ZAGREB — With 1,800 kilometers of coastline on the Adriatic Sea, Croatia is a very popular tourist destination situated between central and eastern Europe. The country straddles the borders of the Danube Basin and the Adriatic, with rivers flowing in from international destinations.
Noted for its stunning beaches, beautiful waterfalls, colorful lakes and ecological diversity, Croatia possesses unevenly distributed yet abundant portions of both surface and groundwater. The country is considered to be one of the most bio-diverse in Europe due to its strategic location between the Mediterranean region and the Central European continental area.
Water quality in Croatia is generally good, with 82 percent of Croatians having access to the public water supply and 46 percent having access to the public sewage systems. According to the European Environment Agency’s 2016 annual report, the sea bathing water quality in Croatia was deemed to be one of the best in Europe.
Water efficiency is not as on par. In 2012, for instance, losses in the public water supply system in the country were estimated to be upwards of 48 percent. Since 1986, Croatian beaches have been tested for swimming water quality. Croatia has passed with flying colors, tying with Cyprus and Malta, as the top three places for best water quality.
For instance, on May 2017, out of the 781 beaches tested in the country, 776, or 99.36 percent of them, were declared ‘excellent’ quality. Five beaches, comprising of less than 1 percent, came back with ‘good’ or ‘sufficient’ results. Significantly, no beaches fell under the ‘poor’ category.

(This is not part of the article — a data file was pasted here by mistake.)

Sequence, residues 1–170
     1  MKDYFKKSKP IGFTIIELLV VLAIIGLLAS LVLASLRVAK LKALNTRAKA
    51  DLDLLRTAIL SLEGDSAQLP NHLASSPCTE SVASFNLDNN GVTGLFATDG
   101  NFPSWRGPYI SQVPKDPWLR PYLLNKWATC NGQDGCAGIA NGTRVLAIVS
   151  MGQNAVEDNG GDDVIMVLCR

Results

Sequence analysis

Unfortunately, there are no legal obligations in place to identify potentially or actually contaminated sites. The risk is thought to be addressed and minimized preventatively via European Union legislation, much of which has been introduced into Croatian legislation scheme. This includes the Directive on Waste Disposal as well as the Water Framework Directive.
However, the absence of a systematic identification or even recognition of polluted sites is troubling. Water quality in Croatia cannot be meaningfully addressed in these conditions.
While the tap water quality in Croatia is good, the presence of heavy metals and pesticides in the drinking water in Zagreb has previously been reported. This report, however, has been disputed by at least one local news media outlet, the Croatia Times. Some municipalities in Croatia contain single closed drainage systems, whereby sewer systems have combined storm and sanitary water due to a lack of communal infrastructure. This causes the wastewater to leach into the groundwater and cause further contamination.
Water quality in Croatia stands to further improve if water is seen as a valuable natural resource. Water already sustains the country’s aquatic ecosystem and livelihood of Croats. Water is used for all kinds of industrial, agricultural and urban purposes. Croatia is also able to manage its water resources by cooperating with neighboring countries.
As a great vacation destination, Croatia can continue to reaffirm its established international reputation by not only maintaining safe water quality levels but also making its water usage more efficient.
– Mohammed Khalid